FRANKFURT (Reuters) - A significant drop in the long-run interest-rate level that marks a sweet spot for a healthy U.S. economy is making it harder for the Federal Reserve to do its job, a top policymaker said on Thursday.
Fiscal authorities can ease this problem by issuing more debt, Minneapolis Fed President Narayana Kocherlakota said in remarks prepared for delivery in Frankfurt.
Doing so would push up the so-called long-run neutral real interest rate - the level of borrowing costs appropriate for an economy with full employment and 2 percent inflation - which would give the Fed more room to maneuver in the face of what could be more frequent bouts with near-zero interest rates.
"I want to be clear at the outset that I am not saying that it is appropriate for fiscal policymakers to increase the long-run level of public debt," Kocherlakota said. "I am simply pointing to one benefit associated with such an increase: It allows the central bank to be more effective in mitigating the impact of adverse shocks to aggregate demand."
Kocherlakota, who will leave the U.S. central bank at the end of this year to take a job at the University of Rochester, has spent the last several years arguing that the Fed should ease policy further to boost inflation, which has remained stubbornly below its 2 percent goal.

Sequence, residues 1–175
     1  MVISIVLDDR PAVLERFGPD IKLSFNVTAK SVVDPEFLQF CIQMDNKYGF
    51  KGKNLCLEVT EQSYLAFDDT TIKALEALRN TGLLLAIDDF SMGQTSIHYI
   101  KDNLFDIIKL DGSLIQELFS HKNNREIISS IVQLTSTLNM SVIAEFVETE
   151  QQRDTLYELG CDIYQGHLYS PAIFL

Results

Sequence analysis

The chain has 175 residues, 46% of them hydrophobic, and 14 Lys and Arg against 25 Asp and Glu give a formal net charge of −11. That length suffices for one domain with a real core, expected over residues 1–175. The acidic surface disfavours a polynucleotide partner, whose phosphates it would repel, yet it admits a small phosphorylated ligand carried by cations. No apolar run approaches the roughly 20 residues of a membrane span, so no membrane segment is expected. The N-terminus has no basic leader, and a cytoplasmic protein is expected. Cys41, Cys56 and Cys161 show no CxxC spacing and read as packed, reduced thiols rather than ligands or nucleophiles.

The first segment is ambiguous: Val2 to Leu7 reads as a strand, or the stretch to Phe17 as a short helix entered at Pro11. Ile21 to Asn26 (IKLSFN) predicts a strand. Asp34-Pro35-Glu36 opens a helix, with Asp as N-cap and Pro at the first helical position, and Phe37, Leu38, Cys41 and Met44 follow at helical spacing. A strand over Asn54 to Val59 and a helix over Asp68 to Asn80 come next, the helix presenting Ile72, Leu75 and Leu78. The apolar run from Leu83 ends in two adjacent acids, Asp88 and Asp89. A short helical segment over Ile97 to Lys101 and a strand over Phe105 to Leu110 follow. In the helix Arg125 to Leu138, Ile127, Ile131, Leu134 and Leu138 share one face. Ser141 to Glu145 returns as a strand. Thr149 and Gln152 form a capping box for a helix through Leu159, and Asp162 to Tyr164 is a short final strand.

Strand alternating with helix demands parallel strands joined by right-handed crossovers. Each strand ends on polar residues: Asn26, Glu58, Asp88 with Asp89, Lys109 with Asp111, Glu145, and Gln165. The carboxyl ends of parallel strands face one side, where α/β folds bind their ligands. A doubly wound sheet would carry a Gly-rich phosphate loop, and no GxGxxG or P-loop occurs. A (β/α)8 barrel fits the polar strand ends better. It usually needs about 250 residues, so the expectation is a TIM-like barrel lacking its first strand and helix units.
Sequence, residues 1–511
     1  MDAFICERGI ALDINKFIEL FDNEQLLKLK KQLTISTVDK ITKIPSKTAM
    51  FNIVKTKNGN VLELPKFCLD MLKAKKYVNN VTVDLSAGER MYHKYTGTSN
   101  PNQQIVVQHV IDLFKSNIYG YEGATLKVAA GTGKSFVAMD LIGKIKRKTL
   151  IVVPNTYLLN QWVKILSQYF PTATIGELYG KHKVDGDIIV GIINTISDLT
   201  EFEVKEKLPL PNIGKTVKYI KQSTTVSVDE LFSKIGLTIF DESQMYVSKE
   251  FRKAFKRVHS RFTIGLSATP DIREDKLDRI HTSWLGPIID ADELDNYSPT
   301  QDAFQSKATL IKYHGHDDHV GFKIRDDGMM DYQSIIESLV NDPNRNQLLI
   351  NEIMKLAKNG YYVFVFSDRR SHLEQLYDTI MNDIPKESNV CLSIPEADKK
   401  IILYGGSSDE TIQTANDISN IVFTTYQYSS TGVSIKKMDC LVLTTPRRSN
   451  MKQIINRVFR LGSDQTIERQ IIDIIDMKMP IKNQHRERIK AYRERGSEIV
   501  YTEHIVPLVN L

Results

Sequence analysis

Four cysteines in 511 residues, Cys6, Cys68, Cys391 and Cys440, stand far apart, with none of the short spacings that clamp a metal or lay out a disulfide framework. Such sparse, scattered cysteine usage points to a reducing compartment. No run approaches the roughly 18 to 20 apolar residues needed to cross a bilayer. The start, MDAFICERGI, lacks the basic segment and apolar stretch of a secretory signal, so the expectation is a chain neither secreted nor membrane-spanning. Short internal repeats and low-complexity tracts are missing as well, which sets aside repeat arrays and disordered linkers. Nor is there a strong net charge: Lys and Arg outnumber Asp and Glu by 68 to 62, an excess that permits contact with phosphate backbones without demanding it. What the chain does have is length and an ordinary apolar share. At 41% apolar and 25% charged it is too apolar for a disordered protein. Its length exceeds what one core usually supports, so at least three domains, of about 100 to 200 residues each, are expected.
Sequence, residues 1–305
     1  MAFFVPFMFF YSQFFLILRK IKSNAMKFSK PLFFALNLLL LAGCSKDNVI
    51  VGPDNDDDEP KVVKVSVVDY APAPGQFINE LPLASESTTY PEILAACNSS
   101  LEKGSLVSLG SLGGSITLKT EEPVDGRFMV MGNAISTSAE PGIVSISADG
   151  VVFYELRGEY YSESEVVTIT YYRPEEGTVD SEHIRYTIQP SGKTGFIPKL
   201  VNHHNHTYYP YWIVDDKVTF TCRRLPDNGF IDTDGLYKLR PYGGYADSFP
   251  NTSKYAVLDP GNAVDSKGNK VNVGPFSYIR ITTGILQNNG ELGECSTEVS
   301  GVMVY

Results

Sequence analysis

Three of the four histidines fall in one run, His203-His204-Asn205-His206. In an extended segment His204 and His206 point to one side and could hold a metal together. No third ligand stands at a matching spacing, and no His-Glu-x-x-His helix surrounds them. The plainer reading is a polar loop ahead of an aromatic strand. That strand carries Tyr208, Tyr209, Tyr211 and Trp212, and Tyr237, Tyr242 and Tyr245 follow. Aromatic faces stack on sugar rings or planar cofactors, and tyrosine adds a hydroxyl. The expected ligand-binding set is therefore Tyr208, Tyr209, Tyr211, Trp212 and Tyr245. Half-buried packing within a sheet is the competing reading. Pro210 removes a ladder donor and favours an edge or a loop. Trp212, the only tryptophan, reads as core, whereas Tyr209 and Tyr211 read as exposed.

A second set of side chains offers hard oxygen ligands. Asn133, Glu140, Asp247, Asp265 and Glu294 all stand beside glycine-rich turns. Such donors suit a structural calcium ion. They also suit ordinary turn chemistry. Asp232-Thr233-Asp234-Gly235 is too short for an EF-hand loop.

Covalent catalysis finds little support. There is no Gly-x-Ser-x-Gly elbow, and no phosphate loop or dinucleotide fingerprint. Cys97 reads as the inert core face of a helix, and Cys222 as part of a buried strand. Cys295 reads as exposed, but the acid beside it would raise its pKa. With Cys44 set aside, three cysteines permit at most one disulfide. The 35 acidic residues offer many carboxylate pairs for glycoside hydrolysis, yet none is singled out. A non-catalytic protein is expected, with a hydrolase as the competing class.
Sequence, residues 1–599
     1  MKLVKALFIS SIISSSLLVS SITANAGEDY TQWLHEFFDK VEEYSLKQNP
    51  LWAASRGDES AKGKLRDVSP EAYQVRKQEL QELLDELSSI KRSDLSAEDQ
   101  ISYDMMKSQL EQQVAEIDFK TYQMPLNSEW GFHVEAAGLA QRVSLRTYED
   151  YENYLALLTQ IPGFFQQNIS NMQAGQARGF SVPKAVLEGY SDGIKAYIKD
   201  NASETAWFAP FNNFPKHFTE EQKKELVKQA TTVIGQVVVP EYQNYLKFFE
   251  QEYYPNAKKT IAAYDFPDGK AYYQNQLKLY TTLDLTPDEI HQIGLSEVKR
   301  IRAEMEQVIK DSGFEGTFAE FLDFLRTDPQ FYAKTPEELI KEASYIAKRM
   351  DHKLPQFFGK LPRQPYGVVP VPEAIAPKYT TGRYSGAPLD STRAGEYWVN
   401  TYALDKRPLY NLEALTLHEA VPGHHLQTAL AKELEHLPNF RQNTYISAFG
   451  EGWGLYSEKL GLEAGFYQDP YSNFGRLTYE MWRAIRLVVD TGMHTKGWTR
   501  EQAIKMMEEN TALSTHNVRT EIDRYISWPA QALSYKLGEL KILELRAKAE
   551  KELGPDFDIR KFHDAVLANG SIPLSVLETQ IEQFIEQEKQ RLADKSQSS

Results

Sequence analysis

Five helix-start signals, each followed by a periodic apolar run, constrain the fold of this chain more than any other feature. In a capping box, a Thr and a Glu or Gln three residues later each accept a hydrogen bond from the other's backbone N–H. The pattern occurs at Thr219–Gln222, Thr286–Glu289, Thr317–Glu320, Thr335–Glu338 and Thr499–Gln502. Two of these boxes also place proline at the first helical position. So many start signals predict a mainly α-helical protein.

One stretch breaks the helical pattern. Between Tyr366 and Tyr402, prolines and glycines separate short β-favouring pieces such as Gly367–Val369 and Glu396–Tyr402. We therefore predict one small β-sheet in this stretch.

Thursday's speech - which did not refer to the current economic outlook or the stance of current monetary policy - took that out-of-the-mainstream argument further.
While other policymakers have similarly noted that a decline in the long-run neutral real interest could stymie Fed policy goals, few if any have suggested so directly that increased government borrowing could be a solution.
Central banks, Kocherlakota suggested on Thursday, are worried about the costs of using unconventional tools like bond-buying programs to stimulate the economy during future bouts with zero interest rates.
"Given these costs, I anticipate that monetary policy will be insufficiently accommodative during periods at the nominal interest rate lower bound, which will lead the economy to undershoot the (Fed)’s inflation and employment objectives," Kocherlakota said. "Fiscal policymakers can mitigate this risk by choosing to maintain higher levels of public debt than markets currently anticipate."
Writing by Ann Saphir; Editing by Leslie Adler